Early parenting choices are never easy and parents always wonder about the right things to do. One of the more perplexing worries is deciding whether or not to allow their infant to watch television or DVDs.

Due to marketing claims about TV shows and DVDs created for babies, many parents find it easier to believe that watching educational programs will stimulate their children’s and promote learning. It's a seductive line of reasoning, however, not necessarily the right one.

The American Academy of Pediatrics recommends that no television time should be allowed for toddlers younger than 2, mostly because no studies have yet established that TV exposure improves babies' learning. Now a new study published in the current issue of Pediatrics confirms that position.

Researchers studied over 800 youngsters from birth to three years, recording the time they spent watching television or DVDs as reported by their mothers, as well as their performance on language and motor skill tests. On average, the babies spent 1.2 hours a day watching TV during their first two years of life, slightly less than the average viewing time reported in previous studies.

The initial analysis showed that babies who spent more time in front of the TV performed worse on language and motor skill tests at age 3 than those who watched less. But once other factors were taken into account, such as mother's educational status and household income, the relationship between TV viewing and cognitive development disappeared.

The study confirms that viewing TV did not influence babies' brain development; rather it was a parent's education and finances that mattered more.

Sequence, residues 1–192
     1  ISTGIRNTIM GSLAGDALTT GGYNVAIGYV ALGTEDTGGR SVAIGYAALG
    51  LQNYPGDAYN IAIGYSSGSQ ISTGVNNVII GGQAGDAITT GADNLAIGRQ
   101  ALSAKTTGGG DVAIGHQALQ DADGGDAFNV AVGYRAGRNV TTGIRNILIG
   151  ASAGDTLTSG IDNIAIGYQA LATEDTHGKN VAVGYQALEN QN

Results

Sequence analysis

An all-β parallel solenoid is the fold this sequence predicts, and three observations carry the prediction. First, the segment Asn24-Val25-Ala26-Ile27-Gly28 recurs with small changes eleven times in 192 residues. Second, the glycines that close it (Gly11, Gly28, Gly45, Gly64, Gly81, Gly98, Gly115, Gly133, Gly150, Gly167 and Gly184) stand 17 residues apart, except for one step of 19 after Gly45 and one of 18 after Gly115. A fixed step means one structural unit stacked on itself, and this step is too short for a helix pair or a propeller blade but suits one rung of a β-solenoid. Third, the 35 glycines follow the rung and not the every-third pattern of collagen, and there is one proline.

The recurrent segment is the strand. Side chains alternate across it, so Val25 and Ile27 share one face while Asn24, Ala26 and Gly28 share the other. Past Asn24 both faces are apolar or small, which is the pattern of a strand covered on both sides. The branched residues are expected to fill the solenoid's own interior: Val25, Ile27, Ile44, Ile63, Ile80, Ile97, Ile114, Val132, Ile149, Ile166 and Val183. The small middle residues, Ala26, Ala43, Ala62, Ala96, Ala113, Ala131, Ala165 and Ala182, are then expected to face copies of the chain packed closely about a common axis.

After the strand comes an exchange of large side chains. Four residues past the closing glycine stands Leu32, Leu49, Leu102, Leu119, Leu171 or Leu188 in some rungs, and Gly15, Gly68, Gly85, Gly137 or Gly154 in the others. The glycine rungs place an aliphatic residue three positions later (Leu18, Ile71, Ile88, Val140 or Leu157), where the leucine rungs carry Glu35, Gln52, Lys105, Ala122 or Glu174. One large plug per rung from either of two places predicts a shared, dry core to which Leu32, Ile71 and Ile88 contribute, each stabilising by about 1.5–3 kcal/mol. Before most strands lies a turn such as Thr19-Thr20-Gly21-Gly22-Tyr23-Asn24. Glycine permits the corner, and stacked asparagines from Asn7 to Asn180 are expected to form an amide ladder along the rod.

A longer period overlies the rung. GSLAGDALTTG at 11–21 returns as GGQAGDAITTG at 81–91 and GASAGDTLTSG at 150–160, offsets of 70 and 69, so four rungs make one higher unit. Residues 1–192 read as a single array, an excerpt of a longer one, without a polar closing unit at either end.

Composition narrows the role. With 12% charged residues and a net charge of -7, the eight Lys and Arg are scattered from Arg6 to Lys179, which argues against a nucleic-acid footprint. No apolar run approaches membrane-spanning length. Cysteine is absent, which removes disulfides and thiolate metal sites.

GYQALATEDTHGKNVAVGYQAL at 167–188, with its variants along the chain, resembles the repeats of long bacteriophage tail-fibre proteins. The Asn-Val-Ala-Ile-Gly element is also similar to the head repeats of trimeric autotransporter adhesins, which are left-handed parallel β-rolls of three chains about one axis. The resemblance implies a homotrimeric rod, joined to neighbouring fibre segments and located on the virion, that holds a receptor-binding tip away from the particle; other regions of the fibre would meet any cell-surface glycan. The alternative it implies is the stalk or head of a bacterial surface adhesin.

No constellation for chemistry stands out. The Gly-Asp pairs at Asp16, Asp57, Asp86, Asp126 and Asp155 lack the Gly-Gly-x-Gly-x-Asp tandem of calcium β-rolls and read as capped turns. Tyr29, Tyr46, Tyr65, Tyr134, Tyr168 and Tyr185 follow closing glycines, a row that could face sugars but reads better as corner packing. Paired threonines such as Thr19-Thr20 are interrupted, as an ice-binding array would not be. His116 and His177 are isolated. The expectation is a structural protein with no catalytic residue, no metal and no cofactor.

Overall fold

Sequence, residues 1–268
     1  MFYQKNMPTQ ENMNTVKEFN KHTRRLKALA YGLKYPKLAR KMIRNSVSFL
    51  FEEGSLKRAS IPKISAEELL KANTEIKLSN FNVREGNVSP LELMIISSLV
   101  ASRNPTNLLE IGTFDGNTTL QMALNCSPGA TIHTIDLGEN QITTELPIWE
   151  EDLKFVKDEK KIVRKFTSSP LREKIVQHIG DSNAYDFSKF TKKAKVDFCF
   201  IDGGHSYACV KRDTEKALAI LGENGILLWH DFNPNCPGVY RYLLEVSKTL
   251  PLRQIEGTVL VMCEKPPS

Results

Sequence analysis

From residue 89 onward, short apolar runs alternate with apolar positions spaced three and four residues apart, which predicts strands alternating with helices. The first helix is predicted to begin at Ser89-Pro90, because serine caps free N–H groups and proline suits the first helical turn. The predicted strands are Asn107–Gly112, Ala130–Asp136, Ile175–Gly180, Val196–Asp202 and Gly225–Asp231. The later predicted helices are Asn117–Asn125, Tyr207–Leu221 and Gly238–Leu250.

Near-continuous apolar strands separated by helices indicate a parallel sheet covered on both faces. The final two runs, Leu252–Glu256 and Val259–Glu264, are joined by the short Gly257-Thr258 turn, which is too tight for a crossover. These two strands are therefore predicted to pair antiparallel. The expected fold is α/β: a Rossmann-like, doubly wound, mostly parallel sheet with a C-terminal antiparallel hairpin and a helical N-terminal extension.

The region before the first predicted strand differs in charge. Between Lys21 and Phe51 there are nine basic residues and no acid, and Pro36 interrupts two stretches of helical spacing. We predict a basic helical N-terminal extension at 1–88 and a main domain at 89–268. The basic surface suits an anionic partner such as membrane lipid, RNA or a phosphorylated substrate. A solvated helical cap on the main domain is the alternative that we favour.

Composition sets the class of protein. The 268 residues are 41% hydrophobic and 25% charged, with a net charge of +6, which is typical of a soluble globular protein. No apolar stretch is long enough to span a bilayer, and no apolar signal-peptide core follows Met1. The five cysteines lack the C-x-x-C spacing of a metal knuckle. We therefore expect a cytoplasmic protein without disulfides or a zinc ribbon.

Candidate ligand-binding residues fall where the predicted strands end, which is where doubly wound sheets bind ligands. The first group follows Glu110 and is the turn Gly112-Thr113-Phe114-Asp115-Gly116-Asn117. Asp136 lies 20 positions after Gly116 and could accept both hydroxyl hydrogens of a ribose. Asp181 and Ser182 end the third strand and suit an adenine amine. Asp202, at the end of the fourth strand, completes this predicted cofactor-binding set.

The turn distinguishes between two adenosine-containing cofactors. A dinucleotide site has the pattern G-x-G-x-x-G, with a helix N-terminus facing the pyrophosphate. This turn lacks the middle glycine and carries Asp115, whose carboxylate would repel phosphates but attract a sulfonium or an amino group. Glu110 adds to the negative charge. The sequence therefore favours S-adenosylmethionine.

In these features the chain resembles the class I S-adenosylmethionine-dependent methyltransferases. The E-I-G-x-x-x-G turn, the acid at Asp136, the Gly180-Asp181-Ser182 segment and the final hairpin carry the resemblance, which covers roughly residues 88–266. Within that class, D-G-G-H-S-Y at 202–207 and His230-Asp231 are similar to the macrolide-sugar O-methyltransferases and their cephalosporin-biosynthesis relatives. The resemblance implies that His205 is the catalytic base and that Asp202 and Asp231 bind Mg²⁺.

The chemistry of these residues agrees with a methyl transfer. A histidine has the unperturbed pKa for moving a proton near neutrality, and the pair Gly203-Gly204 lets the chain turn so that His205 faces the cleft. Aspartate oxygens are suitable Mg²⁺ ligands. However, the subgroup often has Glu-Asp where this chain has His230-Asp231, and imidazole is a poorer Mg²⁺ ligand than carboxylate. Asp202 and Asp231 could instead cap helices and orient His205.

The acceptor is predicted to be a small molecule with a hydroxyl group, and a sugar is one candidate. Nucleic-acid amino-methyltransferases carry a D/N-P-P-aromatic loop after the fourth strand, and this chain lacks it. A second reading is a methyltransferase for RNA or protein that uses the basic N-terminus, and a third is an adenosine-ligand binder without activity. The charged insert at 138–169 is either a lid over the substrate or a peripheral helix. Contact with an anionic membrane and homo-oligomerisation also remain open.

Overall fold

Previous researches have found that mothers with lower education and income tend not to read to their babies as much as better educated moms, and that their vocabulary and grammar skills may be more limited, leading to insufficient verbal interaction with their children.

Mothers with less education also tend to talk to their children less overall; women with higher education are more likely to elaborate details and tell stories to their kids, even about ordinary events and concepts. And studies suggest that parents who talk and gesture frequently to their babies early on have a significant impact on their children's vocabulary and language competence by school age.

Although the study found no benefit, it found no negative effect of watching TV neither. It is likely that her study group did not meet the threshold dose of TV exposure to trigger the negative effects but she also stopped following the toddlers at age 3; and some cognitive changes may not occur until children are a few years older.

A few minutes in front of the TV won’t do youngsters (younger than two) any harm as long as it for parents taking a breask to shower or rest but if watching TV is meant to stimulate their brains, it is essential to learn that watching TV does not have such benefits.

Playing with your child is the best way to stimulate your baby's brain. Basic activities such as playing with blocks with an 18-month-old can improve his/her language skills six months later.